Taiwan: Solution To China Dispute: Reason And Pragmatism
Taiwan’s President Chen Shui-bian insists that with “reason and pragmatism,” the current dispute with mainland China could be resolved.
Chen made the declaration following the signing of a joint communiqué between the Republic of China and the Federation of St. Kitts and Nevis, on Wednesday, Sept. 28, in St. Kitts.
“I am convinced that, as long as we do not relinquish our commitment to resolve the cross-Strait disputes through the exercise of reasons and pragmatism, the day of reasons and pragmatism, the day of permanent peace, across the; “Taiwan Strait will dawn,” he was quoted as saying.
The ROC’s president also insisted that Taiwan takes its commitment to world peace seriously, even as China refuses to abandon the use of military force against his country.
“In passing its so-called ‘anti-secession law,’ China attempts to provide grounds for using force against Taiwan,” Chen said. “Currently, its has deployed over 700 ballistic missiles along its Southeast coast targeted at Taiwan. (But) we will continue to persist on a path to peace for it is a road of no return.”
The Taiwanese government has stressed its commitment to becoming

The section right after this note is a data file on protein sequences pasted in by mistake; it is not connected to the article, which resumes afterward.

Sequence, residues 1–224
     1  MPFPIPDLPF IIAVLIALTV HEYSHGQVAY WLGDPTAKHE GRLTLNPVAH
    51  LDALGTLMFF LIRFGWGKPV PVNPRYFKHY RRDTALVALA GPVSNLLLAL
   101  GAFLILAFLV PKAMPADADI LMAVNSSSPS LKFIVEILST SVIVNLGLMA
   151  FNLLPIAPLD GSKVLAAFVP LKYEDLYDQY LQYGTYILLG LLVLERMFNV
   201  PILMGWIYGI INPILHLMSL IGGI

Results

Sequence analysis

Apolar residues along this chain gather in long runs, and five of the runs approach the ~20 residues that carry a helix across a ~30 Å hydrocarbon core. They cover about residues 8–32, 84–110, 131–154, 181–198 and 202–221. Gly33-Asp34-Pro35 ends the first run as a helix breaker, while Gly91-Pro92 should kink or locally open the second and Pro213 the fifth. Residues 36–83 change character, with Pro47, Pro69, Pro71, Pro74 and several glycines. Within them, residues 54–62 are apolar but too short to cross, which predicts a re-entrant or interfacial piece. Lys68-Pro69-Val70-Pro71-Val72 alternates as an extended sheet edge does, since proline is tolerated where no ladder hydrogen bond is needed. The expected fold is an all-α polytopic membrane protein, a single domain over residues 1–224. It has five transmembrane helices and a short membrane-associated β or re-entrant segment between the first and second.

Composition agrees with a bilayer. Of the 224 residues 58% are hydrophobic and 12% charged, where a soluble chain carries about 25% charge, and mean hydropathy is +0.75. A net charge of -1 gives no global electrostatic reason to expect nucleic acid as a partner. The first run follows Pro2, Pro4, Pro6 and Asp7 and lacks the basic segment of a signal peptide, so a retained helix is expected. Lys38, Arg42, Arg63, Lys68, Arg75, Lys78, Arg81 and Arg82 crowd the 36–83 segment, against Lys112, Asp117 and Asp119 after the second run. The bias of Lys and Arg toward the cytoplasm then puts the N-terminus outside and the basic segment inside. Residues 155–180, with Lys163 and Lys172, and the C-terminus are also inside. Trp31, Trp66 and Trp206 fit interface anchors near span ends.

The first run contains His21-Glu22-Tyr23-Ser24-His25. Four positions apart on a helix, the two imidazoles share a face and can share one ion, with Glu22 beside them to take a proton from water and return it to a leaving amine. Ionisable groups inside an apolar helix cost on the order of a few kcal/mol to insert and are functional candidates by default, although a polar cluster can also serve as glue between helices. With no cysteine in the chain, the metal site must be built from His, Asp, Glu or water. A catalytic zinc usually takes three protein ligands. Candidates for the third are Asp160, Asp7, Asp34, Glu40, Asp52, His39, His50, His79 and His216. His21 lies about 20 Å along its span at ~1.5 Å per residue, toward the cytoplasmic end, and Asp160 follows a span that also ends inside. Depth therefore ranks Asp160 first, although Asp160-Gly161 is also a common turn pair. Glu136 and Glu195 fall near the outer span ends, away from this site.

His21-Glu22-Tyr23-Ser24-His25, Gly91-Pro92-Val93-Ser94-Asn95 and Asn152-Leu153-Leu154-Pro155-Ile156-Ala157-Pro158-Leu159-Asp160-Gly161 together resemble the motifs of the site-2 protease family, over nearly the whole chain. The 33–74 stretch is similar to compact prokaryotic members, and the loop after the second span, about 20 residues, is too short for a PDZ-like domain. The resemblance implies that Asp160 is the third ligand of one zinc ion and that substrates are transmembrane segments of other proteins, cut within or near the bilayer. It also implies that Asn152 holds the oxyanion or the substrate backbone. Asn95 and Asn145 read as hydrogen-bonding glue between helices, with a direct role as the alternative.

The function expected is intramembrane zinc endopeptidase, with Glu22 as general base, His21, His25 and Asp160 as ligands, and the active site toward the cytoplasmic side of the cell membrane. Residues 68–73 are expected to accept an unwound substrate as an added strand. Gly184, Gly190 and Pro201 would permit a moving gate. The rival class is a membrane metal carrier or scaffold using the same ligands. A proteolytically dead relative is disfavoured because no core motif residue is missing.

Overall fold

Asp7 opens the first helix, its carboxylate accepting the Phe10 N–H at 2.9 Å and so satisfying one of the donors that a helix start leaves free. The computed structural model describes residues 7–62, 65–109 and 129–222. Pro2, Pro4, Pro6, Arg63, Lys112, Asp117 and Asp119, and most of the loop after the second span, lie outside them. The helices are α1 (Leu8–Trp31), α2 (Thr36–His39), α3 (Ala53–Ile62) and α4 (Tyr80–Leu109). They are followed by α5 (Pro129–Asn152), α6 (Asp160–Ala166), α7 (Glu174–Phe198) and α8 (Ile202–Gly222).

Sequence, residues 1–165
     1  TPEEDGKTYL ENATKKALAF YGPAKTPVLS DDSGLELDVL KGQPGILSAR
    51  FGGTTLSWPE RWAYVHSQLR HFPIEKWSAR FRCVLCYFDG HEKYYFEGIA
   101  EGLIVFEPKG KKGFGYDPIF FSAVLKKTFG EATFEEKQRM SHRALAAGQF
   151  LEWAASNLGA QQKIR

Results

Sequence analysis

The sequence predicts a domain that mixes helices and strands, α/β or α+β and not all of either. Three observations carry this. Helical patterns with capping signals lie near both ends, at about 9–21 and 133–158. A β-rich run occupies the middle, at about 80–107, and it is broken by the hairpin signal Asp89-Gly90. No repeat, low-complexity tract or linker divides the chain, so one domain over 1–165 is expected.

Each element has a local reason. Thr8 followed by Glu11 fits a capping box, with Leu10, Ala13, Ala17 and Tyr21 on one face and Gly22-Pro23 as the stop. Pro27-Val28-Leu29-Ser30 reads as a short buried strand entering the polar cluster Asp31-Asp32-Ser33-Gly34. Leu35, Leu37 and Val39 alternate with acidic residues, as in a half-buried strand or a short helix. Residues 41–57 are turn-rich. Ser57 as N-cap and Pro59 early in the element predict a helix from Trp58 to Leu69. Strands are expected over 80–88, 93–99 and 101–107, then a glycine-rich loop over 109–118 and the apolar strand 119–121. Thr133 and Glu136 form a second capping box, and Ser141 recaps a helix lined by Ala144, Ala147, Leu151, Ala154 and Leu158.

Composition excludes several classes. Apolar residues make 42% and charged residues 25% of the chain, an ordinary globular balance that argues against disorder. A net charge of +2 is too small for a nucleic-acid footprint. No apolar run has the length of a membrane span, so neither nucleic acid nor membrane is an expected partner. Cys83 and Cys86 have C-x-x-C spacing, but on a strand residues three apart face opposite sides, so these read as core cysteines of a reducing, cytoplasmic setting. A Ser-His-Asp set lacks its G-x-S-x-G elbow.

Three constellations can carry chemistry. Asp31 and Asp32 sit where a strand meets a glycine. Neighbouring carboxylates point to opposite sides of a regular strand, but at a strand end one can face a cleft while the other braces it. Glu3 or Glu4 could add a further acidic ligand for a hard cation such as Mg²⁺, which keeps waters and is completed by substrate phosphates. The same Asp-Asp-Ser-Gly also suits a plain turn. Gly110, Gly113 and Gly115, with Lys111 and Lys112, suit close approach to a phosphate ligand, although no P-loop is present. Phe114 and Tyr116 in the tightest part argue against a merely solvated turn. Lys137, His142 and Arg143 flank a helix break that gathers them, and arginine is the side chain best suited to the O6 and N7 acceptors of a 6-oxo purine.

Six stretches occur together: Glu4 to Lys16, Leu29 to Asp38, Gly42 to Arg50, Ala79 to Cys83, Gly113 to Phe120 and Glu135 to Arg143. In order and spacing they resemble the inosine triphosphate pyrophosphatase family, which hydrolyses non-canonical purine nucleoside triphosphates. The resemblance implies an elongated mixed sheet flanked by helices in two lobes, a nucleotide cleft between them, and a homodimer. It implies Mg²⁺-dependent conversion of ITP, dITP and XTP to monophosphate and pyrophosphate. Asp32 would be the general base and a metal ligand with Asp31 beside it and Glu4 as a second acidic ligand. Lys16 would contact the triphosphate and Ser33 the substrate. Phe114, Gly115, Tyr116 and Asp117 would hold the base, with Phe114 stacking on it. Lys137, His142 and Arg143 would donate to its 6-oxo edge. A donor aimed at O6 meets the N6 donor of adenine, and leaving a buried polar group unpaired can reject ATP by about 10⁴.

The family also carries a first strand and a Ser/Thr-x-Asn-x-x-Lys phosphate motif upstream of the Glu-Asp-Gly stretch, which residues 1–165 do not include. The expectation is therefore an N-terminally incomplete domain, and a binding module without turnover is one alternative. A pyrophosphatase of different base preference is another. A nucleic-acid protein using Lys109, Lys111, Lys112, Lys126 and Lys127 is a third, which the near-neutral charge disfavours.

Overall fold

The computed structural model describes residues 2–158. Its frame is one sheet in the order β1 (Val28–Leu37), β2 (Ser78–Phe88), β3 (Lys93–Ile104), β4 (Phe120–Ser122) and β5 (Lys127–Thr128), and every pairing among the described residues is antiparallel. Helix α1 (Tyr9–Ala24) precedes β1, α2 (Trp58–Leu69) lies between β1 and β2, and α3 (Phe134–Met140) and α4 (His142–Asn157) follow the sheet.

Still Taiwan has seen its own support dwindling over the past year in the region as both Grenada and Dominica crossed the floor essentially to support mainland China over the ROC.
But ROC officials push on, determined to achieve their own sovereignty. The tensions between China and Taiwan find their roots in the 1949 Chinese revolution, when communists led by Chairman Mao claimed control of the mainland.
And nationalist leader Chiang Kai-shek withdrew to Taiwan, with two million refugees, vowing to reclaim the mainland.
The Taiwan Strait, also known by its Portuguese name, the Formosa Strait, is the 190-kilometer-wide body of water that separates the west coast of the Republic of China (Taiwan) and Fujian Province of the People's Republic of China. It also links the East Sea and the South China Sea.